It often takes a treacherous road to reach the most profound understandings.  In my case, the polished veneer of a champion masked a tarnished interior.  Unknowingly driven by a traumatic childhood and a comfort level with severe athletic criticism, I left competitive twirling just before entering a decade-long, psychologically abusive marriage.
 My desire for perfection made it difficult for me to recognize the vicious abuse as I endlessly strived to accommodate my sociopathic mate.  I was berated for my accomplishments, forbidden the use of technology and ordered to not leave home after dark.  Things eventually escalated to physical violence, threats to anyone who tried to come to my aide, and his complete abandonment of our children.  Since my escape, I have rediscovered my voice and used it to advocate for others who may be ready to find their freedom and a voice of their own.
              Sometimes the things that seem most difficult are the greatest motivators and gifts.  I do not look back with regret but with gratitude.  I have more compassion for others and I know that I am strong enough to overcome seemingly insurmountable odds.  I am so inspired by the beauty I see all around me and I am astonished by the many stories we create, capture and learn from each other in this brief life.
             My special needs son, Jaidon, was my greatest teacher.  He was born with a degenerative brain disease and a life expectancy of three years.  The kind of perfection I had demanded from myself was not an option for my son.  He required unconditional love and in turn, he radiated peace and kindness.  Jaidon’s journey fortified me with courage and a deep love for humanity.  He’s the reason I have so much to give.
He lived 16 years and passed away March 29th, 2011.  When he left his body – it was time.  He was no longer functioning in a human capacity.  As his physical form deteriorated, his soul became more vibrant.  He touched countless people around the world and I can only celebrate his freedom and the good fortune he was such a beautiful part of my life.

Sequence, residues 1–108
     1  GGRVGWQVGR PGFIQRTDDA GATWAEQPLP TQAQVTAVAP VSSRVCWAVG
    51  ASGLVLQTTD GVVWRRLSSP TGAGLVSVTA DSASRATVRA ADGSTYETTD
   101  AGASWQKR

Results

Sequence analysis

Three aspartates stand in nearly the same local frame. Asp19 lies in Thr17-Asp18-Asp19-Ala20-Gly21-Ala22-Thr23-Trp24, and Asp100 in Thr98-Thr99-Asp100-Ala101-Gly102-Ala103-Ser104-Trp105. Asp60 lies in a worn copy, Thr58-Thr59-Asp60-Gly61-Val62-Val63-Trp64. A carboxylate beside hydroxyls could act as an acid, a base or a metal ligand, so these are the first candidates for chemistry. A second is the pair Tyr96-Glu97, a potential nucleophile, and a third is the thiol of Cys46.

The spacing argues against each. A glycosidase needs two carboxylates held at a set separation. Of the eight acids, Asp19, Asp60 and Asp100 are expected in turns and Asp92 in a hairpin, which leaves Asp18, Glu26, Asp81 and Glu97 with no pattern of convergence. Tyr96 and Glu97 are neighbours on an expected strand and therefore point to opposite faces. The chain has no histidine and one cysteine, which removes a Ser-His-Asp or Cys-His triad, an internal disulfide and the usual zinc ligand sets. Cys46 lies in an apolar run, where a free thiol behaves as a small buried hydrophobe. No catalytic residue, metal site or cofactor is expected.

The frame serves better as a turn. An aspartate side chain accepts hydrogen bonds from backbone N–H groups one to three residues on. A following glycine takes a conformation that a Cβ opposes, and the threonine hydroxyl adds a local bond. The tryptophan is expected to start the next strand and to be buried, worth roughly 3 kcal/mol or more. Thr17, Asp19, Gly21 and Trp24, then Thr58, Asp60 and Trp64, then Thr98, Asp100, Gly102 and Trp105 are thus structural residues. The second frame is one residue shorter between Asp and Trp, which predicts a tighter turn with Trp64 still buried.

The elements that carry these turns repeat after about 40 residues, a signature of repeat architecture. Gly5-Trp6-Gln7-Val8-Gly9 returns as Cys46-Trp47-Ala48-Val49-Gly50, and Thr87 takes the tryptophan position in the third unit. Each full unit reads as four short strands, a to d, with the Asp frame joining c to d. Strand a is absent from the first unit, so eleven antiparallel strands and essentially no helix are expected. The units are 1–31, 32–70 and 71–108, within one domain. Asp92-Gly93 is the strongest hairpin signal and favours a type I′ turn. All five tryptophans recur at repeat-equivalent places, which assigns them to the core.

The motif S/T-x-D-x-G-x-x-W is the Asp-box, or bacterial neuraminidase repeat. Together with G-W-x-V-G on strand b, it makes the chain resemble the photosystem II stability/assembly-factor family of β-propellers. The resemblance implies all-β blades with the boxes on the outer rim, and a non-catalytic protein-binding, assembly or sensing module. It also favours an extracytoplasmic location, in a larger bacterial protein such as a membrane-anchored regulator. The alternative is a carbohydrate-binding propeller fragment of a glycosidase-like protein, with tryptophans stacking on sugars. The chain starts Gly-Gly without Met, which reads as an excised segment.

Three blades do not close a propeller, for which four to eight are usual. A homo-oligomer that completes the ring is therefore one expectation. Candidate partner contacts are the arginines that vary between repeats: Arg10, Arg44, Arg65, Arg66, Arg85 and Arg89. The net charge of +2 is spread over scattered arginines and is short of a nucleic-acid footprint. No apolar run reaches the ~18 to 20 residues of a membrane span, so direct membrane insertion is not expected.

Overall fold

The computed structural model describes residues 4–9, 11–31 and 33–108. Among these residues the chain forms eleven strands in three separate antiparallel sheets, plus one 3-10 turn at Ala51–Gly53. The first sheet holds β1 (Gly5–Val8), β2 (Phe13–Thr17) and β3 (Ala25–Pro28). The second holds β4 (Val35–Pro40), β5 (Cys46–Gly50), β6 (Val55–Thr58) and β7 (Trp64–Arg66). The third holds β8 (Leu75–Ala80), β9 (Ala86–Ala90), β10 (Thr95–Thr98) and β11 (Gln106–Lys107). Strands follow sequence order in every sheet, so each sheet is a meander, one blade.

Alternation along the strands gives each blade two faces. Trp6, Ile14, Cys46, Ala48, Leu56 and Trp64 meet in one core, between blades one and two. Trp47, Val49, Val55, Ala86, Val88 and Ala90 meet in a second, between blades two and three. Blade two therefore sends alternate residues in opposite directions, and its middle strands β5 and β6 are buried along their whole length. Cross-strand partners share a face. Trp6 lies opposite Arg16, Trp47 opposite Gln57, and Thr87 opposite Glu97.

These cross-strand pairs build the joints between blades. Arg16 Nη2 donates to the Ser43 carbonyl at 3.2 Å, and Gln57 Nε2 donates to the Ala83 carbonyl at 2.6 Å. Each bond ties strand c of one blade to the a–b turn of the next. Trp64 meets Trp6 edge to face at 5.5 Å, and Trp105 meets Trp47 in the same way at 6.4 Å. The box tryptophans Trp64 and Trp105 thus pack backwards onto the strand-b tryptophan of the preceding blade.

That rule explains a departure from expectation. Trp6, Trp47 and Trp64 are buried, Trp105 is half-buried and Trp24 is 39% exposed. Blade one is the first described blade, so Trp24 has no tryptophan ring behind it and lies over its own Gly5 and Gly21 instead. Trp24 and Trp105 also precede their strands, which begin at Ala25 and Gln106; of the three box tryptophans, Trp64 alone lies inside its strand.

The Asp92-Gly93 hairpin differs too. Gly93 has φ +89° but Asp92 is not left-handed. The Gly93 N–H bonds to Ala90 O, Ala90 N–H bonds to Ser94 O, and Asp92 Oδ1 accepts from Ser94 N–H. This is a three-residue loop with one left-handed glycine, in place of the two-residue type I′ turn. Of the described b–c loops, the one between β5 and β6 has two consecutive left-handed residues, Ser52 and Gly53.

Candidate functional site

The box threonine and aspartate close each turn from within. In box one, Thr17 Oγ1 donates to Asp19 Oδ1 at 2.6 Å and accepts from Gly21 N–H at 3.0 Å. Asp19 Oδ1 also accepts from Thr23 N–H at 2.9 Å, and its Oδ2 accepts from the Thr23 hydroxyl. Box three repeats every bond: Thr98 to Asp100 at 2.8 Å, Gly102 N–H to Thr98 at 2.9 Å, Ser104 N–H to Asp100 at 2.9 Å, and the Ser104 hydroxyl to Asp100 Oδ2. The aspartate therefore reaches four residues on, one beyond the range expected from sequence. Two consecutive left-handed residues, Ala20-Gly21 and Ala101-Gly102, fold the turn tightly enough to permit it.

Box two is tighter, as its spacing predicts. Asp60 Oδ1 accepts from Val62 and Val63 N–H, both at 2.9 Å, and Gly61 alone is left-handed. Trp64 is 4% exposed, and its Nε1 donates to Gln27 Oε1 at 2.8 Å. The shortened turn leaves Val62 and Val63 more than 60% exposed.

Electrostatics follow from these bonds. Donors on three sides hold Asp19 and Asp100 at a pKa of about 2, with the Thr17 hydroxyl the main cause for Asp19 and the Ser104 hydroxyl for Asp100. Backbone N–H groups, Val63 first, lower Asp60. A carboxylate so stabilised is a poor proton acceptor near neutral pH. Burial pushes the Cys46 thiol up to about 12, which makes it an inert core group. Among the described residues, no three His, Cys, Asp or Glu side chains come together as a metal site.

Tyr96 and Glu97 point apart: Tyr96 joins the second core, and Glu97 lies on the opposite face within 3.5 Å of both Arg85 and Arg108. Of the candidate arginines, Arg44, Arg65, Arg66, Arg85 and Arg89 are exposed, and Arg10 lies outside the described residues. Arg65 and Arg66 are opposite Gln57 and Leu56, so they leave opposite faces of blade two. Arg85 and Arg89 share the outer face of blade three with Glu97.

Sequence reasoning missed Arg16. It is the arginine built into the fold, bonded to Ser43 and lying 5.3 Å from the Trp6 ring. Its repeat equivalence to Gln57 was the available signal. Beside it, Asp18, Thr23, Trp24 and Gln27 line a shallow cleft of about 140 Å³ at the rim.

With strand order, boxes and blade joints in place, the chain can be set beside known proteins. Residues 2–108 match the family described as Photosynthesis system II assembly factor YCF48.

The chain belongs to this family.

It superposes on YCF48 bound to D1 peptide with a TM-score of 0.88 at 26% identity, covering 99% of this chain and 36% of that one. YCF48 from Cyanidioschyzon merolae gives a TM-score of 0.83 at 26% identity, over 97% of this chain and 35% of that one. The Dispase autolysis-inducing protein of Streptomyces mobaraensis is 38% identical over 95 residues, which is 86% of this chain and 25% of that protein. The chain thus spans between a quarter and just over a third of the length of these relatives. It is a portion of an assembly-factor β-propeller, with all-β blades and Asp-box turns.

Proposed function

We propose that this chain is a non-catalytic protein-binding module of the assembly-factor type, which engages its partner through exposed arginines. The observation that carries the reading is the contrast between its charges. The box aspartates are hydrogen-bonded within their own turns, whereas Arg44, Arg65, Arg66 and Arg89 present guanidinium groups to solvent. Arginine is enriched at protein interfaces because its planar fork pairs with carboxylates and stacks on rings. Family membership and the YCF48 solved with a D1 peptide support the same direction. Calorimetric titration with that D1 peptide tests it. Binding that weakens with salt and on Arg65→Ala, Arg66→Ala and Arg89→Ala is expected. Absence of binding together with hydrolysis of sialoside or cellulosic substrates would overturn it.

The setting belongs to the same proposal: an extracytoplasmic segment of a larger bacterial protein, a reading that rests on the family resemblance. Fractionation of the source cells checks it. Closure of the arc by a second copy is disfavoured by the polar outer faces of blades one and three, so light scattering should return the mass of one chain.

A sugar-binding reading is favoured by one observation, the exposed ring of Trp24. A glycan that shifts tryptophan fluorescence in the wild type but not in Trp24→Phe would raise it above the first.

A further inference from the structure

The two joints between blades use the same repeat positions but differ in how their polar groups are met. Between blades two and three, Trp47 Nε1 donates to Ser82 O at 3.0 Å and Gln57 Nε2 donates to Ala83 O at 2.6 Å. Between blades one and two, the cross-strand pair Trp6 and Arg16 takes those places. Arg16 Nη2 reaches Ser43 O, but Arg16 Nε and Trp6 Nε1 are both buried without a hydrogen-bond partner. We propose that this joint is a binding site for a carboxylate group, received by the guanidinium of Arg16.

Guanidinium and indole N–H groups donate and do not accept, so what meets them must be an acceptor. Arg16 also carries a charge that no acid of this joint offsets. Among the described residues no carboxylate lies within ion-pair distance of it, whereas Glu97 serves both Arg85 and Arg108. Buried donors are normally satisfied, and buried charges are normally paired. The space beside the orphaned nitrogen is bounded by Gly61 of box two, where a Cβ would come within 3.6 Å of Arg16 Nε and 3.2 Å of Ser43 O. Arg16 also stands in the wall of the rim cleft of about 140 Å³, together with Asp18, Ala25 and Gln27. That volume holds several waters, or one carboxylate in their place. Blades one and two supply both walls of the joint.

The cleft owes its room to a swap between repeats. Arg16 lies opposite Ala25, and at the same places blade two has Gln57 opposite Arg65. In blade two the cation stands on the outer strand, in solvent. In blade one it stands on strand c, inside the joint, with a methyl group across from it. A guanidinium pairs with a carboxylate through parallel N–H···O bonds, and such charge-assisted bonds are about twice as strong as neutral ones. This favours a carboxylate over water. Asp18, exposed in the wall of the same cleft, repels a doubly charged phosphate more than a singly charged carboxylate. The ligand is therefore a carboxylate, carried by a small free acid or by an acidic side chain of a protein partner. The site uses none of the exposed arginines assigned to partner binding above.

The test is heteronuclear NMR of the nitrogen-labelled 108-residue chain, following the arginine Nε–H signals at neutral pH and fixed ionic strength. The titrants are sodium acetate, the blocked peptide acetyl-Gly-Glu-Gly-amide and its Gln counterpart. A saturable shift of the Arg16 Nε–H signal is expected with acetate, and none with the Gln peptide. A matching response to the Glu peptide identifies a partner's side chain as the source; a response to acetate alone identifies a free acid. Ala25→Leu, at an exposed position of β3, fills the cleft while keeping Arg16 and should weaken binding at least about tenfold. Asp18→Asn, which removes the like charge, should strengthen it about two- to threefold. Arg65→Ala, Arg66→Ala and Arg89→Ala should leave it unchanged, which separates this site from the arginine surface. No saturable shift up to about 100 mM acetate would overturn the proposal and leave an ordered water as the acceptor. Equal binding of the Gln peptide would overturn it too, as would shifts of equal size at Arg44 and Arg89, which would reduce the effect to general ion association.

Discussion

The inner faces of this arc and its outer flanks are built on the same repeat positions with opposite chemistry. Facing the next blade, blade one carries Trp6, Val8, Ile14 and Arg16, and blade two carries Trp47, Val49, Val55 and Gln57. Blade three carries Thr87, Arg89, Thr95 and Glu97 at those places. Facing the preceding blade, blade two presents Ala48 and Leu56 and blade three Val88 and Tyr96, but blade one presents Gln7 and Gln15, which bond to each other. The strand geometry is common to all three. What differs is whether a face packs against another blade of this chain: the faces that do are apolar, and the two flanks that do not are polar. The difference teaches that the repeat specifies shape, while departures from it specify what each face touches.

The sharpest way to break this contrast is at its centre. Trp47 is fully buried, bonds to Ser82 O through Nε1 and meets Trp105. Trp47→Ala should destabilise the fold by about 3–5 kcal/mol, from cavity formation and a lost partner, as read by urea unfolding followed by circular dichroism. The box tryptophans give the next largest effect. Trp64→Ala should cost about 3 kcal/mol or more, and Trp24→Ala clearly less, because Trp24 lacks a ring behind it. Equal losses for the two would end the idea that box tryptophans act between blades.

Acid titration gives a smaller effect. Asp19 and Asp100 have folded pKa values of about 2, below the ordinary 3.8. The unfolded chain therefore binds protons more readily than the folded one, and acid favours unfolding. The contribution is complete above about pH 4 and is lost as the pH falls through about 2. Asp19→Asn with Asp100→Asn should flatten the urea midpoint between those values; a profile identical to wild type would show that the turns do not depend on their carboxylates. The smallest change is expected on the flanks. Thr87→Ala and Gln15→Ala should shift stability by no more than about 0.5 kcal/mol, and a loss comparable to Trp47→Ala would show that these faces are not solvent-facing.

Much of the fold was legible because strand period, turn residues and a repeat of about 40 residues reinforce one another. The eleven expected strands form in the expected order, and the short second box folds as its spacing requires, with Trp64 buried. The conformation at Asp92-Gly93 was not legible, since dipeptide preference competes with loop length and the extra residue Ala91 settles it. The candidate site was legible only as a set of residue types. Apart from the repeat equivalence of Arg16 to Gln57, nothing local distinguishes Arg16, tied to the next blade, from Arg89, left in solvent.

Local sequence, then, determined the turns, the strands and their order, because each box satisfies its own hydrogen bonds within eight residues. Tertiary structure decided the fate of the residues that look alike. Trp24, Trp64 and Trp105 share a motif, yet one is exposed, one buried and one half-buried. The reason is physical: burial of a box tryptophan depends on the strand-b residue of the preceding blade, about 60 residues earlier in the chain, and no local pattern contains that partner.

Only three weeks after Jaidon’s death my car was smashed at high speed by an oblivious teenaged driver.  After graduating from life support and a chest tube, I was on heavy narcotics for nine weeks.  My body and brain turned to porridge and I was not expected to make a full recovery.
Though the accident seemed absurdly unjust, some advantages emerged from the wreckage.  It forced me to stop and absorb the loss of my son, rather than mask my grief with a busy workload.  Meditating and writing about his life and departure began healing my heart.  While unable to use my body, I discovered a hidden talent for drawing inspired pieces of art.  These experiences have made me very conscious of how we all possess strength, talent and beauty beyond what we are even aware of.  How magnificent!
             As a result of the accident I am still healing, but shocking the medical community with my recovery.  I have resumed training and performing.  My art projects and photographs have meaning and a deep soulfulness that only comes from having encountered and prevailed over extreme circumstances.
In life and in art I seek to bare my soul so that my spirit is reflected in all I do.  Connecting with others and sharing this human experience honestly and without expectations, is my highest goal.  The difficult conditions I was handed or chose, all had a purpose; they shaped who I am becoming and granted me lessons to learn and share.  In that way, this peculiar script has been written perfectly for me.
Annetta Lucero Performance (post car accident)